Traffic congestion is as familiar as bluebonnets on the roadside for anyone who’s traveled I-35 in the last twenty years. To meet capacity demands, the Texas Department of Transportation (TxDOT) is expanding I-35 in its Waco District (a 96-mile stretch from Hillsboro to Salado). At an estimated cost of $2.5 billion, the overall effort is made up of 17 smaller construction projects and targeted for completion in 2017.
The Texas A&M Transportation Institute (TTI) is providing TxDOT technical support on the project, namely in the form of a first-of-its-kind traveler-information system. The system integrates several methods for capturing data, forecasts congestion along the construction route, and provides that information to anyone who wants it.
The concept for the system is similar to modern traffic management systems used in urban areas. Put simply, it marries together three data-gathering methods to create reliable forecasts for travelers:
- Bluetooth® technology — travelers’ devices (e.g., cell phones, laptops, and the GPS systems in newer cars) are anonymously pinged at point A and point B, giving a reliable estimate of travel time between the points.
- Wavetronix sensors — placed strategically along the corridor at 17 points of high traffic interaction (e.g., where a state highway crosses I-35), the sensors capture traffic volume.
- End-of-queue warning systems — relying on radar detectors mounted in orange barrels around work zones, speeds of approaching vehicles are measured as they near the work zone, and patterns of slowing traffic (indicating a backup in traffic flow) are noted.
Travelers will soon be able to access reliable forecasts via My35.org for what traffic on I-35 in Waco will be in an hour, before they ever leave Hillsboro, some 40 miles away.
“From our perspective, a real success story of this project is how we’ve interfaced with TxDOT’s LoneStar traffic management system,” says TTI Research Scientist Bob Brydia, principal investigator on the project. “Using their data protocols, we feed our information to them, and that helps drive the messages you see on the PCMSs.” PCMSs, or portable changeable message signs, display traffic forecasts along the roadway.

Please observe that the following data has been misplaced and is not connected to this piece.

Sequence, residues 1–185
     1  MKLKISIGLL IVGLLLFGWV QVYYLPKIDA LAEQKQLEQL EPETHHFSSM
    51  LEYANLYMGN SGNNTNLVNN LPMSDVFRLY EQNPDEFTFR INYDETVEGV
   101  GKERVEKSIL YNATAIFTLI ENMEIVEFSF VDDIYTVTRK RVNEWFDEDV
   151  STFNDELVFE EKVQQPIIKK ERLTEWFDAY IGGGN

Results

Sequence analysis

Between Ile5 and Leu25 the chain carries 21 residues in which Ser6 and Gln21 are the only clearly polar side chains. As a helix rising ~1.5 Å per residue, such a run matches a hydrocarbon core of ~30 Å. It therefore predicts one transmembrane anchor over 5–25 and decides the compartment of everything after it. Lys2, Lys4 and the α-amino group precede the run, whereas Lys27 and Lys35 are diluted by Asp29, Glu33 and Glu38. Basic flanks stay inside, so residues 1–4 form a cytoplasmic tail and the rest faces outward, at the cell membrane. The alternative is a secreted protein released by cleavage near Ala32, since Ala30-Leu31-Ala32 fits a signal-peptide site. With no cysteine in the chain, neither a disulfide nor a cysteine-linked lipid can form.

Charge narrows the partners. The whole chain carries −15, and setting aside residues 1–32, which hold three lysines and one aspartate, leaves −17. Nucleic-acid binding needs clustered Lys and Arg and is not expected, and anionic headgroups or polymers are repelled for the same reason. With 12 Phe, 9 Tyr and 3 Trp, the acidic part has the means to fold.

While congestion can be inconvenient for travelers, it can also be costly — in very real terms — for big business. Knowing where work zones are, what lanes will be closed, and when to expect slower travel is vital for companies like Wal-Mart and H-E-B. They rely on I-35 to get their goods via truck from major distribution hubs to their brick-and-mortar stores. When you’re talking perishables, traffic backups can mean the difference between fresh and spoiled milk — and that can translate into lost revenue for the company and higher prices for consumers.
Similarly, with better information on hand, EMS personnel can get to the scene of an accident sooner. The life-saving potential there really needs no further explanation.
Jodi Wheatley, Waco District’s information specialist for the project, acknowledges that without TTI’s help, the I-35 expansion effort would have been much tougher.
“Reconstructing almost 100 miles of interstate is a massive job for the department, and at the end of the day we at TxDOT want to be as responsive and helpful as we can to our fellow Texans,” Wheatley says. “Because of the scope of the project, that would be much more difficult without TTI’s logistical support and technical know-how. Maybe even impossible.”